And Vaclav Smil has a proposal to extricate Canada from its decarbonization dilemma
The ideological extremes of any situation rarely produce anything of tangible value. This notion is glaringly visible in the contemporary energy landscape of Canada, which is beleaguered by cacophonic extremes from the political left and right. The fringes are abundant with futile noise, unachievable goals, and hollow, politicized rhetoric, utterly detached from the realities recognized by average, commonsense Canadians.
It is important to recognize that the likelihood of Canada decarbonizing its electricity grid by 2035 – a putative federal objective – is as unrealistic as the expectation that Alberta’s oil and gas industry will remain unaltered by the same year. The world simply does not operate in such a binary fashion, a reality often lost in the crossfire of polarized political discourse.
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Vaclav Smil, a veteran scholar from the University of Manitoba, understands the perils of political posturing that obstruct societal progress toward tackling truly important issues. His extensive work has made him acutely aware of the damaging effects when politics trump science and disregard practical realities. Smil’s forthcoming participation in the annual Energy Business Forum hosted by the Canadian Energy Executive Association (CEEA) in Banff provides an apt occasion for Prime Minister Justin Trudeau and Alberta Premier Danielle Smith to listen to his insights on the realistic operations of the world.
In his latest work, How the World Really Works: The Science Behind How We Got Here and Where We’re Going, Smil demystifies complex scientific concepts for the common reader. The leaders of Canada and Alberta, albeit possibly well-intentioned, often allow politics to cloud their judgment when addressing the challenges that Canada truly confronts. Unfortunately, their ongoing squabble has descended into a theatre of the absurd, as both fail to acknowledge the impracticality of their stances amidst Canada’s immediate climate and energy transition needs.
In a 2022 New York Times interview, Smil expressed his concerns about the politicization of energy and climate change science, stating that we require a more realistic perspective that acknowledges natural laws, thermodynamics, and energy conversions. For instance, a certain amount of carbon or hydrogen is needed to smelt steel. These hard facts cannot be negotiated or brushed aside by political manoeuvring.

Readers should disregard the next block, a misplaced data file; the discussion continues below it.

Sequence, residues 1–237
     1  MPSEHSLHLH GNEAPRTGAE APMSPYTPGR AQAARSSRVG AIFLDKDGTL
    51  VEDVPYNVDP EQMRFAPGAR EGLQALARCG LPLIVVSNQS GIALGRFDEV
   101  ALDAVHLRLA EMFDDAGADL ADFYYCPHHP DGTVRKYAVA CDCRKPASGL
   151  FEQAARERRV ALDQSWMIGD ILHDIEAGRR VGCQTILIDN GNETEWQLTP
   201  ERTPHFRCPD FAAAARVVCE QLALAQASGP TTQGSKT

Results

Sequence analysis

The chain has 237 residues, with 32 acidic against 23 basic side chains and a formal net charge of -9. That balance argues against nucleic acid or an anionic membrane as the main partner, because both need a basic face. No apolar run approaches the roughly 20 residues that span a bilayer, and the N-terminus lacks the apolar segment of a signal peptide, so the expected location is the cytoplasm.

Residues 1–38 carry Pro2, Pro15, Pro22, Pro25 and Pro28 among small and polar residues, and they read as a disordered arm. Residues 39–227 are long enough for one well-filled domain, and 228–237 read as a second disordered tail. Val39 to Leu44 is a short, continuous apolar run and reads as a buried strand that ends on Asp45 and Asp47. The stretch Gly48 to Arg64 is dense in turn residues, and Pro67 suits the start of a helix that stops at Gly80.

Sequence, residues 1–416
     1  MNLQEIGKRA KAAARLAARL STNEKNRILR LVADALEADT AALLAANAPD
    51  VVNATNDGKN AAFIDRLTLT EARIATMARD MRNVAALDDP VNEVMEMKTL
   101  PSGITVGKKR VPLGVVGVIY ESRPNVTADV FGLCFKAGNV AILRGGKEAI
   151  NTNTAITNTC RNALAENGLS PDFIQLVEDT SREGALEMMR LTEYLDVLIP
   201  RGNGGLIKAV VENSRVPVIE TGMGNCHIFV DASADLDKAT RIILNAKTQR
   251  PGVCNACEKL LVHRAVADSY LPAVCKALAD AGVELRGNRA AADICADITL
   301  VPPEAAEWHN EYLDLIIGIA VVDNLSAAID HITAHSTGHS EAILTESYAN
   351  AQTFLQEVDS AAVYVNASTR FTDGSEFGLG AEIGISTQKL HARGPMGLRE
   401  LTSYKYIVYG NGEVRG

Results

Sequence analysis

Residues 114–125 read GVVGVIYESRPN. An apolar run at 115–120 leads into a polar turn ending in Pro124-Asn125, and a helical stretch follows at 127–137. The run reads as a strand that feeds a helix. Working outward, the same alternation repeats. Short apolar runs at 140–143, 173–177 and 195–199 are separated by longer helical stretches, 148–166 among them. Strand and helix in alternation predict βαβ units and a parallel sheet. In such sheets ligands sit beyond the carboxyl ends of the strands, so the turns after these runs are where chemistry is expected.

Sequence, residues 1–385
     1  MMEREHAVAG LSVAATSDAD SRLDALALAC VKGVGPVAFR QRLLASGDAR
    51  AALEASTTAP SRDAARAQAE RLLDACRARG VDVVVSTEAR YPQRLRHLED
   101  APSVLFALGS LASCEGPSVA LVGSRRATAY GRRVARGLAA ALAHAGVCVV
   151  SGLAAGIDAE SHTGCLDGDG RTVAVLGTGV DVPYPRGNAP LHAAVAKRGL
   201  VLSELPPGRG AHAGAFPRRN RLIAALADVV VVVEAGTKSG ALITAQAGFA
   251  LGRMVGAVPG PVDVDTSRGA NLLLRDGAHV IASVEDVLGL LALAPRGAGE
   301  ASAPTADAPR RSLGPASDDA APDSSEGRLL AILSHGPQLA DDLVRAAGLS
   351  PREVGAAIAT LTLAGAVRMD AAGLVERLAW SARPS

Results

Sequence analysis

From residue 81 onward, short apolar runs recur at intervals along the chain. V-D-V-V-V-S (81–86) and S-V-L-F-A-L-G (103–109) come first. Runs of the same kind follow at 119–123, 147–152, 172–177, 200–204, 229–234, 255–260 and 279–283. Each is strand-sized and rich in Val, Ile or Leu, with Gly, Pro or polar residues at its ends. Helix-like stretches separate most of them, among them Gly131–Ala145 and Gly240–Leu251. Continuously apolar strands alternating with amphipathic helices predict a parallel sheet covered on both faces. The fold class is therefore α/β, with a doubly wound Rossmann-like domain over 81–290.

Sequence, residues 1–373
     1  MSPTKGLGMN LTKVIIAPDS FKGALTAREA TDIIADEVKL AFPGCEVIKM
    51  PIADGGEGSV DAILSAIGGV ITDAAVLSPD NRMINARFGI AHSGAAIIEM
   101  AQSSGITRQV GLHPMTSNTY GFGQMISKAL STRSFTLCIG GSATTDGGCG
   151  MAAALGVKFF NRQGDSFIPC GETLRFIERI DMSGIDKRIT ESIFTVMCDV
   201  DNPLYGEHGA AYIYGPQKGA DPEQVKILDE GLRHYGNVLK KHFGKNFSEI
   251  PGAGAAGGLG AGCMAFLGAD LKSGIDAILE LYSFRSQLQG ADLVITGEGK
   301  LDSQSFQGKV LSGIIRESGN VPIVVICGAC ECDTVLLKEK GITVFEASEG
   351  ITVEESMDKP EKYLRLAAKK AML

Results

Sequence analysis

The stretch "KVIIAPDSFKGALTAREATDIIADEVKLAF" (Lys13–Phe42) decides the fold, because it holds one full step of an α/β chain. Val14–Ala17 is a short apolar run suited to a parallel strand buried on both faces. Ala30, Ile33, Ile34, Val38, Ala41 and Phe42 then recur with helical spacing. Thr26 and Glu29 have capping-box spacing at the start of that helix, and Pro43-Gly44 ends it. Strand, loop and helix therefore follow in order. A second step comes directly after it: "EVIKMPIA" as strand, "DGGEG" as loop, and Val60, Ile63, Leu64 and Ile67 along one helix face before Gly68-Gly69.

Smil is neither a climate alarmist nor an absolutist. He maintains a pragmatic outlook that takes scale, measurement, and numbers into consideration. The functioning of our world largely depends on material resources like cement, steel, plastics, and ammonia. Therefore, a realistic appraisal of their role is essential rather than extravagant aspirations of changing the world dramatically or maintaining a status quo.
A hypothetical “Banff Reality Goal Breakfast” featuring Smil, Trudeau, and Smith could potentially reorient their understanding. The leaders could realize the possibility of their goals converging rather than clashing, thus paving the way for a reality-based collaboration. This new alliance could lead to the depolarization of the ongoing debate while setting achievable milestones for Canadians.
Smil emphasizes the importance of setting realistic goals rather than ideological ones that cannot be accomplished, leading to disillusionment. He believes in strict realism when it comes to setting goals, and a meeting between these key players could potentially infuse this pragmatic element into the energy discourse.
It is time for Canada’s leadership to tune out the deafening noise from the ideological fringes and adopt a more realistic, grounded approach to tackle the energy transition. A generous serving of pragmatic wisdom at a hypothetical “Banff Reality Goal Breakfast” could potentially offer a way forward.
Bill Whitelaw is the Managing Director of Strategy & Sustainability with Geologic Systems.
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